- Germany's economic growth has trailed the pace set by the U.K. and U.S.
- Fixed investment has dragged on the German economy.
- The services sector needs better regulation to make a real impact.
- The government should exploit its healthy fiscal situation.
- A smaller German current account surplus would reduce upward pressure on the euro.
Germany's recovery slowed in the autumn, with economic output expanding just 0.3% in the three months to September, after growing 0.7% in the previous stanza. Growth was most likely driven by robust domestic consumption and strong exports, while fixed investment remains subdued. Germany's reliance on external demand has come under criticism by the international community. Still, consumer and business confidence has improved significantly from the beginning of this year. Moody’s Analytics expects the German economy to expand 0.5% in 2013.
Although Germany’s growth is pulling the euro zone out of recession, the country’s economic policies, in particular its focus on external demand, have been criticised. The country’s large current account as a share of GDP—consistently above 6% for more than five years—has drawn especially sharp comments from the international community. However, the issue here is not strong exports but weak overall growth relative to the current account surplus. Compared with that of the U.K. and the U.S., Germany's economic growth has clearly been lagging.
Domestic demand is robust
Still, it cannot be said that German domestic demand is particularly weak. In the second quarter, domestic demand added 0.5 percentage point to GDP growth, while net trade added only 0.2 percentage point. A closer look at the components of domestic demand—household consumption, government spending and investment—show the first two continuing to expand robustly, growing quarter on quarter and year on year since at least the beginning of 2012, even if the expansions have not been especially fast.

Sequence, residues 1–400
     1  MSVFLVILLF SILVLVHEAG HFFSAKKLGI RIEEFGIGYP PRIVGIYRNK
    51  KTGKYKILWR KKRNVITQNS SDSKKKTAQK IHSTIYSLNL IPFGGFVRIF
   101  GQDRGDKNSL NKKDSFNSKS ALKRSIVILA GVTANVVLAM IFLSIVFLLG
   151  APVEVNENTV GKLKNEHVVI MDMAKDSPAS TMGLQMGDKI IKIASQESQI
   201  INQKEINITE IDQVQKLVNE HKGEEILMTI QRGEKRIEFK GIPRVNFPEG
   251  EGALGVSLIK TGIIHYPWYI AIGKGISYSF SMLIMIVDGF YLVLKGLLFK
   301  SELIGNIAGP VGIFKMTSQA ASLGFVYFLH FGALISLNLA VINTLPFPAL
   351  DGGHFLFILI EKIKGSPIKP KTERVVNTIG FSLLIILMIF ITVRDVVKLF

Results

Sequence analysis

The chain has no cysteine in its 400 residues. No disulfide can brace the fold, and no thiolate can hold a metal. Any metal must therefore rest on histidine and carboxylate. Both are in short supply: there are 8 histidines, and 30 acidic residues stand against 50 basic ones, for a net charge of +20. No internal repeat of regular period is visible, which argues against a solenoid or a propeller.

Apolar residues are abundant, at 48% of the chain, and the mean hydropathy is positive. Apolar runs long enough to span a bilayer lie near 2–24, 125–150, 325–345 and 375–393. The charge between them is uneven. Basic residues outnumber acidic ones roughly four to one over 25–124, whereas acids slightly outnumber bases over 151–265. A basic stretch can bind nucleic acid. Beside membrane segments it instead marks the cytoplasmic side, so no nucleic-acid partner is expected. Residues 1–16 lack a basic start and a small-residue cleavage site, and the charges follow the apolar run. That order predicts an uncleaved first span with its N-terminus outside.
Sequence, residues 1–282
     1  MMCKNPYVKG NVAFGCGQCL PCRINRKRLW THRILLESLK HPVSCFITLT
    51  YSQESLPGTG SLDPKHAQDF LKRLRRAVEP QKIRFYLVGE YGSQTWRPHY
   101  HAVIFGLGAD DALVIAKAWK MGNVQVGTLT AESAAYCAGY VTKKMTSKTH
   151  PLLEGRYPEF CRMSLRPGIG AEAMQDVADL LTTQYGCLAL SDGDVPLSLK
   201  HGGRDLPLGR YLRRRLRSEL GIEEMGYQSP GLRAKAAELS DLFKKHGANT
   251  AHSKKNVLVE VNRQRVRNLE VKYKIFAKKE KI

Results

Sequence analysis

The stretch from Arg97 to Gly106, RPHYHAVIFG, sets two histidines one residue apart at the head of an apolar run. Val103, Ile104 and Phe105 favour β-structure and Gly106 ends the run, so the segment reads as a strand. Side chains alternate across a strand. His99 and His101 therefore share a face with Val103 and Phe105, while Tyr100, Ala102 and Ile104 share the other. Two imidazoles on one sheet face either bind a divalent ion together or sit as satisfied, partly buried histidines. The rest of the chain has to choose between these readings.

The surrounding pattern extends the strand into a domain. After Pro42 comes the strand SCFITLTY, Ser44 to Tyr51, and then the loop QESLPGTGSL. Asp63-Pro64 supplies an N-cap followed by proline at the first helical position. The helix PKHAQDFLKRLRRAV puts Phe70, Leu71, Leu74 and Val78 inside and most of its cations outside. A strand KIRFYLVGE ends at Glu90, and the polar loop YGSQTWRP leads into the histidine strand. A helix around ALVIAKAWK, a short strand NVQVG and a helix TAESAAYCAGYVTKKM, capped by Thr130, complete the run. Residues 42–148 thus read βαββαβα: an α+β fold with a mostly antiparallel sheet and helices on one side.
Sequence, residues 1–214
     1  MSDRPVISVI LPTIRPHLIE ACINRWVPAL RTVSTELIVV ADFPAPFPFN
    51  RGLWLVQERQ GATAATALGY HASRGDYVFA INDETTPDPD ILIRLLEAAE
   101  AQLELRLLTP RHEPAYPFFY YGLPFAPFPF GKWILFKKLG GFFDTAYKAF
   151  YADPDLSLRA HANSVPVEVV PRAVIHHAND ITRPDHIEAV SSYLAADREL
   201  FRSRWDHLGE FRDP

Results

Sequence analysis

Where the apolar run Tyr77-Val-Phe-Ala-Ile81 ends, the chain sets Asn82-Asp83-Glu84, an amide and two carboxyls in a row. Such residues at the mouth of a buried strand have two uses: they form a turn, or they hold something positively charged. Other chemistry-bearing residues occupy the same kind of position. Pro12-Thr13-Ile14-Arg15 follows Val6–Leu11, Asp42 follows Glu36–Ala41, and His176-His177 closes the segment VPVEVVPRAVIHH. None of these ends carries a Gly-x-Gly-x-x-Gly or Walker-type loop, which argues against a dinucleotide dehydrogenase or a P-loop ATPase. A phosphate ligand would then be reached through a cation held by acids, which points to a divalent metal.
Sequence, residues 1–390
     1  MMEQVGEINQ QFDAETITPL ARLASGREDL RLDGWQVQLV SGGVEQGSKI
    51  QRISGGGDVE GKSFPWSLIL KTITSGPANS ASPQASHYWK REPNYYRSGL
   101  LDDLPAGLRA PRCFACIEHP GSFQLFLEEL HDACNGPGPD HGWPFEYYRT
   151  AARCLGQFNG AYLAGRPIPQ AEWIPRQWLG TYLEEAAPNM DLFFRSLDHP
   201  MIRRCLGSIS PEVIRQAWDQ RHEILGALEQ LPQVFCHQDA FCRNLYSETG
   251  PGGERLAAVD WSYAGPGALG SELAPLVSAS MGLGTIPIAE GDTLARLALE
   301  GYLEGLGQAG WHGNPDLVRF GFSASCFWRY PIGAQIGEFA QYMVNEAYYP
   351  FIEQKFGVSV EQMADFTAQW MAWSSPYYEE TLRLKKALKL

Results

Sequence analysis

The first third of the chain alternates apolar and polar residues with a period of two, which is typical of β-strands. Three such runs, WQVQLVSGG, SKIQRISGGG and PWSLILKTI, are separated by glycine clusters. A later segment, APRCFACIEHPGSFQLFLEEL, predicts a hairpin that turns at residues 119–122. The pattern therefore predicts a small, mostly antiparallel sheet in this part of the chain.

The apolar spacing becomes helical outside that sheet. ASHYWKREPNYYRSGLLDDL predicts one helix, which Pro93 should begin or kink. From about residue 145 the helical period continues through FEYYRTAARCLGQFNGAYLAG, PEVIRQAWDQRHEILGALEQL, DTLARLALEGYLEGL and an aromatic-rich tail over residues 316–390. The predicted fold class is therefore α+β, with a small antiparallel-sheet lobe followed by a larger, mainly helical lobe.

The drag is fixed investment, which has been steadily contracting in year-ago terms since the beginning of 2012 and is expected to post a decline for all of 2013.
There is room for improvement and the government could step in, especially given that the investment gap—fixed investment as a share of German GDP compared with the euro zone average—has been accumulating for over a decade and threatens the country's long-term growth.
Services sector needs reforms
Germany’s services sector trails that of its European peers, mainly because of cumbersome legislation. Entrepreneurship is hindered by a bureaucratic permitting and licensing system, which has kept the share of services in the total economy stagnating since the mid-1990s. Services employment has increased substantially, driven by low-skilled, low-paid contract jobs with limited prospects for full-time permanent employment. Productivity in services has thus not improved much since the early 2000s.
Easier access to the services sector for startup companies and better job security could boost private investment within the sector, but even so the government would not be able to influence wages, which are set through collective bargaining between employers and trade unions. The new government coalition could guarantee a nationwide minimum wage, but this seems unlikely.